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Why develop for Windows 8?

Windows 8 is a platform with high potential. Based on the trends, Windows 8 is expected to run on half a billion devices within a year or two. Since previous versions of Windows are already running on over a billion machines today, and upgrading from any existing version will cost a mere $15 to $40 – this is just a deal that is hard to miss. Windows 8 is every bit as stable and incrementally improved in its desktop flavor, but it also has a new and exciting part in its touch-centric start screen and app store support. The tile-based start screen is familiar to anyone who has seen a Windows Phone, which although late in the smart phone game and comparatively underpowered, is winning user satisfaction rankings thanks to its design that works even better on Windows 8. With about 1000 apps in the Windows Store today there is an enormous potential not only in building apps for known brands or innovating with your own ideas, but even remaking apps and websites that already exist today to be able to tap this new opportunity while there is not much competition out there yet. To add to that – you can start developing for free today – developer licenses are free as of this writing.

Why XAML and C#?

On Windows 8 you can develop applications for the Windows Store with one of many technologies. Microsoft is trying to tap developers of various backgrounds to develop the best applications out there, so if you program in C++, C#, Visual Basic or JavaScript – your natural way into Windows 8 app development is to continue using what you know. Windows 8 applications rely on a completely new, modern set of APIs called Windows Runtime (WinRT) that improve upon the old WinAPI and allow you to mix all of these languages in a single application. There has been a lot of buzz about Microsoft switching the focus to HTML5 and JavaScript, and that is true in the sense that they are creating this new development platform that will allow you to use HTML and JavaScript to develop native applications for the first time. The other languages are not left behind, though, and while mature development tools already exist, revolutionary improvements occur with the advent of Windows 8.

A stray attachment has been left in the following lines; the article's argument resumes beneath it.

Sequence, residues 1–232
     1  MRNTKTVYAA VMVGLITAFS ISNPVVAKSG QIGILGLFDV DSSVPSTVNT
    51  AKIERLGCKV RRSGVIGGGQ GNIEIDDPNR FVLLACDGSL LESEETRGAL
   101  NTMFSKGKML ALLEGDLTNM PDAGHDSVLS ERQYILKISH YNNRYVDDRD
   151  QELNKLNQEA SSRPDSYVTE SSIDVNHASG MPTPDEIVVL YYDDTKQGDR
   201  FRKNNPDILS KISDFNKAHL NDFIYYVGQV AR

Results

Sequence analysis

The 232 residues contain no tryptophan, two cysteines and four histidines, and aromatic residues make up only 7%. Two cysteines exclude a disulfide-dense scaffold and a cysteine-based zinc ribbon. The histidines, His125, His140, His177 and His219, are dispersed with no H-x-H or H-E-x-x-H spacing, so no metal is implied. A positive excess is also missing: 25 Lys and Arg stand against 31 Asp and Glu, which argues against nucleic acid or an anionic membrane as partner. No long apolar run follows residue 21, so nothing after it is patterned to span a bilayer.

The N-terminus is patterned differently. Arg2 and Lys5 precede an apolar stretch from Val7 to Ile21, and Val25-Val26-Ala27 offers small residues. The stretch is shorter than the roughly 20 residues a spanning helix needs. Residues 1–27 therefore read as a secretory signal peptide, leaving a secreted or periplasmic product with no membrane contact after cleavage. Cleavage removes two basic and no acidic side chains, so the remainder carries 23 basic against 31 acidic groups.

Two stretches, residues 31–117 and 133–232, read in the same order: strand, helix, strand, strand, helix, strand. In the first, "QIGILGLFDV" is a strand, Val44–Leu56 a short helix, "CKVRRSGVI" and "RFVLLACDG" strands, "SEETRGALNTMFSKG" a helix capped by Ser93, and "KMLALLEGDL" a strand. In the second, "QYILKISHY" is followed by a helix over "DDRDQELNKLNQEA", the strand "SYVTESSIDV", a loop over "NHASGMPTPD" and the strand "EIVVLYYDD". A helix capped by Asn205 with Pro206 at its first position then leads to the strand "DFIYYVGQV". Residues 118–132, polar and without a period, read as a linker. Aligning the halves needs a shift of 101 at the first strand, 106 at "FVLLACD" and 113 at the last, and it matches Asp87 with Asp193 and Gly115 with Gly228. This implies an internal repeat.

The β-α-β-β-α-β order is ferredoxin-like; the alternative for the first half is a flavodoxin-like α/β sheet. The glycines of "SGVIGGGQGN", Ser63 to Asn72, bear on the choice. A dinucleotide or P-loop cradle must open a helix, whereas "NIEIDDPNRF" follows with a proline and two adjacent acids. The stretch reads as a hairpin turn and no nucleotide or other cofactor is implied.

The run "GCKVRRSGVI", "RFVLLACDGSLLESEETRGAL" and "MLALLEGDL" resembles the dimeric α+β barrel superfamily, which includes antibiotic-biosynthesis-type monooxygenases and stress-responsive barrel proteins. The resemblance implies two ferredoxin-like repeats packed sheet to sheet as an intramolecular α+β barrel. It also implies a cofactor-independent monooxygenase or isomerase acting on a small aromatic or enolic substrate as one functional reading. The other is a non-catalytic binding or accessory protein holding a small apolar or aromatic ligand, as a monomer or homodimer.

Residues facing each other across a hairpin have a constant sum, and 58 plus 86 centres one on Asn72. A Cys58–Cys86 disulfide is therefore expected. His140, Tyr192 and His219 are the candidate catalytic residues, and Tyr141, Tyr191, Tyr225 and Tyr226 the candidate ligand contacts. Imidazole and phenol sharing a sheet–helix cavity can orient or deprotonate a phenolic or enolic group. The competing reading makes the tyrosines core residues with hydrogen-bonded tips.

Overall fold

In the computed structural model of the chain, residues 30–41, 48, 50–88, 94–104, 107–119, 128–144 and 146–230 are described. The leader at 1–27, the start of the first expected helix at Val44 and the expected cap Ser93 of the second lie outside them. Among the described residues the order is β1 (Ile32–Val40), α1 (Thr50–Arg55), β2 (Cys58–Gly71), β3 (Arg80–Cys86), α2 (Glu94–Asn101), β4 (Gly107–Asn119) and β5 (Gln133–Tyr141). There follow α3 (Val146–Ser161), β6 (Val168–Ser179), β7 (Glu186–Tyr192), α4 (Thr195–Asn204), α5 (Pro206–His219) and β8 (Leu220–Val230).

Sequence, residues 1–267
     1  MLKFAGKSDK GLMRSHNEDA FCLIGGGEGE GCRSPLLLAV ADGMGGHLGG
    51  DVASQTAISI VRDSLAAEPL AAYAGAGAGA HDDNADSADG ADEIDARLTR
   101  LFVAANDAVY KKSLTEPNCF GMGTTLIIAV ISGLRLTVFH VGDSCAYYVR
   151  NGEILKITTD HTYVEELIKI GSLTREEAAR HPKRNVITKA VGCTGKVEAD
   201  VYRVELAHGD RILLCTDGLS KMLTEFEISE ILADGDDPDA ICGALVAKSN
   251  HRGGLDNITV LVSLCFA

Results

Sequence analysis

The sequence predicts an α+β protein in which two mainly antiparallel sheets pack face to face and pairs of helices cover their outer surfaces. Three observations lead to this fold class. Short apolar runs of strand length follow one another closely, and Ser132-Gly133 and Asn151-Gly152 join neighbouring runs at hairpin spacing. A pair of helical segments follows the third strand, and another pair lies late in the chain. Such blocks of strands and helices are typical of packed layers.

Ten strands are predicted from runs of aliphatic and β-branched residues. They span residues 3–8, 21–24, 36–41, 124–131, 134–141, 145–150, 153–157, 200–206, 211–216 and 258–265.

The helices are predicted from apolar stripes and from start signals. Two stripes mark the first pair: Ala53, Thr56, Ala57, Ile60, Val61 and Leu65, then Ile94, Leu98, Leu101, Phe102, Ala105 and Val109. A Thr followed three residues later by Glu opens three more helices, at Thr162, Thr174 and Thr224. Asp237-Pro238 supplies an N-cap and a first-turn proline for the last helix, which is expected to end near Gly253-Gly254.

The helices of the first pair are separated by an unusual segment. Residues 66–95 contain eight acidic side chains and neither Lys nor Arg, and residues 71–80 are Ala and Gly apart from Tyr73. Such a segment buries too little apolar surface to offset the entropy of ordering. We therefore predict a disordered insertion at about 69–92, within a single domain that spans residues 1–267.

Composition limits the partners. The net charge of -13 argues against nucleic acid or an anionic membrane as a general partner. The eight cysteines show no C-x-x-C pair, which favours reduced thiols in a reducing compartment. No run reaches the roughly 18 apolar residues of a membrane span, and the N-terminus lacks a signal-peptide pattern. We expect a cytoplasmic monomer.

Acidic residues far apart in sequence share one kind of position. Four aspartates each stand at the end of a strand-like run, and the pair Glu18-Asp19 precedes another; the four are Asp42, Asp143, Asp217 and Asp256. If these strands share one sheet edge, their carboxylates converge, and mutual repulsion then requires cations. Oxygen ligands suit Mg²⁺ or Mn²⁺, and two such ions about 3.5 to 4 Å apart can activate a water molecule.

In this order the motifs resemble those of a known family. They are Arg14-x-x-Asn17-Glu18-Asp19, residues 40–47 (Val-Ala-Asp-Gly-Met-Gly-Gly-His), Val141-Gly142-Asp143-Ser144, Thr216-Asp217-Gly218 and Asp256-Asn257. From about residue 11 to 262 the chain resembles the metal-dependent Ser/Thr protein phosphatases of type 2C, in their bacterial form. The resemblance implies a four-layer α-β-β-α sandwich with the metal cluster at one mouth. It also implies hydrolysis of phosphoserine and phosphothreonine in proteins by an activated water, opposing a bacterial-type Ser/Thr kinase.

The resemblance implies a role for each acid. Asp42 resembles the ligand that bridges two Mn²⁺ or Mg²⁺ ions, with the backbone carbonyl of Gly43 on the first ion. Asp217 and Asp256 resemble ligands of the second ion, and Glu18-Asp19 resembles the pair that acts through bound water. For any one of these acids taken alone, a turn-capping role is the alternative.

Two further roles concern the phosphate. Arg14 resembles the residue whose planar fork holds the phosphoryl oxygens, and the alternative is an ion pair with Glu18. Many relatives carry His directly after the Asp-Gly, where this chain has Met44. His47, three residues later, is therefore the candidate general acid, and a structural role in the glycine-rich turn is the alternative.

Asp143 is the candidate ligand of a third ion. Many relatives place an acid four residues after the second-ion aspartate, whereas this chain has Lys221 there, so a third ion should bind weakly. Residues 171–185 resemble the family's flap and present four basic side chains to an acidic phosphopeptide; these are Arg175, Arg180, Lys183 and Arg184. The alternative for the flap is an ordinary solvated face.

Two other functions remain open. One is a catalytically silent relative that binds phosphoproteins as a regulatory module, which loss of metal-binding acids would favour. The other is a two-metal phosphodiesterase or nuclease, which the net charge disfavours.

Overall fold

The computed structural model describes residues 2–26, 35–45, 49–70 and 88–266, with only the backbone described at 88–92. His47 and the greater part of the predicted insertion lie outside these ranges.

Microsoft is known for doing a lot to satisfy developers willing to code for its platforms and has created C# from the ground up, making it one of the most modern, productive and fastest languages out there, which allows you to create your applications quicker than with any other language. Your apps will perform great, have all of the features you can think of, while remaining more maintainable than apps written in any other language. Additionally, separating the declarative user interface layout written with XAML from application logic written with C#, you can separate the design work from development and use tools such as Blend to visually design the interface. Once you learn C# and XAML on Windows 8 you will also find it easy to go back to develop Windows Phone applications with Silverlight, cross-platform Silverlight applications and desktop applications with WPF. Finally, you can combine your C#/XAML applications with C++/DirectX components should you find the need for unique video, graphics or audio features, but you don’t need to use C++ for everything.

Great! How do I start?

Start by grabbing a copy of Windows 8 and Visual Studio. If you are an MSDN subscriber – you can get your copies from MSDN Subscriber Downloads, otherwise – the Windows Dev Center offers a 90 day evaluation version of Windows 8 Enterprise and a free version Visual Studio Express 2012 for Windows 8.

If you have developed in WPF or Silverlight before, you should feel at home with the WinRT/XAML framework (code name Jupiter). If you have not, follow along with me to start building your applications. Like Silverlight before it, Jupiter brings the best parts of WPF to this new platform, while also making some evolutionary changes. Once you start Visual Studio you can create an app project by selecting File/New/Project and choosing the simple “Blank App (XAML)” template as shown in the picture below.

Once the project is created, you can run the app by simply clicking the green triangle icon or pressing F5. If your screen becomes all black don’t panic, everything is fine. The Blank App template is indeed just a blank app with a background that is almost completely black.

Finding your way around the framework